Historical Fiction, Mystery, Japanese Culture, WWII
Japanese business magnate Kenji Watanabe, 80, has protected the secrets surrounding his father’s murder for many years. When a detective calls in 2002 hoping to solve the case with new information, Kenji takes immediate action to keep the truth from becoming public.
In 1967, Kenji’s father, a former general in the Imperial Japanese Army, had more than his fair share of enemies. When a burglar stole his war sword and left a threatening note, it became clear that someone held a nasty grudge. And when the general was found murdered with Kenji holding the same sword over his dead body, Kenji became the prime suspect.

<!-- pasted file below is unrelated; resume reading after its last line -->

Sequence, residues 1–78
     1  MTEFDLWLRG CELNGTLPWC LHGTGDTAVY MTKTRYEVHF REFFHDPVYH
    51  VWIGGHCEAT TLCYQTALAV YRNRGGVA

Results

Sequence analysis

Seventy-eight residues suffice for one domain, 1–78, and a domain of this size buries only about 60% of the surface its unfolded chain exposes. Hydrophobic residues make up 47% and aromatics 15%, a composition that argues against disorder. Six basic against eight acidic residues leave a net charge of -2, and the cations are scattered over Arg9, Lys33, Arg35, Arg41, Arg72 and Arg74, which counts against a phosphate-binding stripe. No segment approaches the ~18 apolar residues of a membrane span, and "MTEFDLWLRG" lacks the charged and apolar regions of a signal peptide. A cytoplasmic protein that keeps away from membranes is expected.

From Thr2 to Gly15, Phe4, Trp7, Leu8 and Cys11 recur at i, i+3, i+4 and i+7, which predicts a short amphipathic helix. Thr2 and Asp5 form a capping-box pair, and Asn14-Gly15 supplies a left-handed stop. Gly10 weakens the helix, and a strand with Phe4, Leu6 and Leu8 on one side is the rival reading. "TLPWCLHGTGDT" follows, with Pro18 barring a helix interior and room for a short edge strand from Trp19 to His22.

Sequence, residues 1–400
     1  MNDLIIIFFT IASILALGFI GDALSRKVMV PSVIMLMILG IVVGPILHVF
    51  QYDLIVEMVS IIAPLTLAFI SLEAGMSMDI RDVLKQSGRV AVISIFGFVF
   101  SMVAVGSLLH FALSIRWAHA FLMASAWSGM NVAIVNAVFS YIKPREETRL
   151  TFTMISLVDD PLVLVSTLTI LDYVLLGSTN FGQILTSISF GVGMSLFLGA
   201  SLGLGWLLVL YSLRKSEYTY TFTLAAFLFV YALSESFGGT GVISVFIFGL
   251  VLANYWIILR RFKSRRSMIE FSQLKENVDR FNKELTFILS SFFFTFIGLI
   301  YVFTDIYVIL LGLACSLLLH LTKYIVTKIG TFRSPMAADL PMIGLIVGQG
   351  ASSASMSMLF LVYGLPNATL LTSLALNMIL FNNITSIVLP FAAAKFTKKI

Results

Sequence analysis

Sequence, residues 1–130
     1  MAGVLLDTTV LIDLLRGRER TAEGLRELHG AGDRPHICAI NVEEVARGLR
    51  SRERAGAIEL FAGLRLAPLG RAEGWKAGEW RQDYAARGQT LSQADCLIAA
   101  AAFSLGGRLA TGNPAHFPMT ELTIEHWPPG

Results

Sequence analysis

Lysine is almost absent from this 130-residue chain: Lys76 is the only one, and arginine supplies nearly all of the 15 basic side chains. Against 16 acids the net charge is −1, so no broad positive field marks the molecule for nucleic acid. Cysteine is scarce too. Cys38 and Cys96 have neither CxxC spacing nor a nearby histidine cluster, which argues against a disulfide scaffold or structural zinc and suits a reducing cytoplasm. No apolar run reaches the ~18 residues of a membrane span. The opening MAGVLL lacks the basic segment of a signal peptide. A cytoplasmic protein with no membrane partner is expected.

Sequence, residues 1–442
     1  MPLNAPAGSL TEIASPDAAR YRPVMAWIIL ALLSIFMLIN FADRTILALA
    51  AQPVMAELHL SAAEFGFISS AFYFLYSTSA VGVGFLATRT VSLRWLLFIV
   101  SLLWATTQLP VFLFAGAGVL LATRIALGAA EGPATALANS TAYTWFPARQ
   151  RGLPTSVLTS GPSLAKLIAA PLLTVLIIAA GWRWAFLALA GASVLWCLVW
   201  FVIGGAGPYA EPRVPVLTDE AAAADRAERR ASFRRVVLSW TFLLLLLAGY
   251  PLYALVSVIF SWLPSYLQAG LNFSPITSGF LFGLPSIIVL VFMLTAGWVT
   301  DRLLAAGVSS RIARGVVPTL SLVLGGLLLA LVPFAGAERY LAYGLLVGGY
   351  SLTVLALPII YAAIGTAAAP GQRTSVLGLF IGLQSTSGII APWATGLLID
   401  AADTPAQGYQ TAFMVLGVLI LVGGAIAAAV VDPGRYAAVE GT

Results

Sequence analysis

Kenji learned who killed his father and knew why, but no one was ever arrested. In 2002, the statute of limitations has already run out. No charges can be brought regardless of the new evidence.
Yet, Kenji would rather die than reveal the secret.
I am a student in the mountains of Japan where I study English literature and history and enjoy horseback riding, mountain climbing, reading, and classical music. I wrote this book because I remember complaining to my father, an attorney practicing in Tokyo, about a delicate family matter that was troubling me when I was 15 years old. I told him how displeased I was to have such an unsavory confidence with potential to cause us embarrassment. “All families have secrets my child,” was his simple reply. From that day on, in bits and pieces, I began to understand what he had been trying to tell me.
This is her first novel.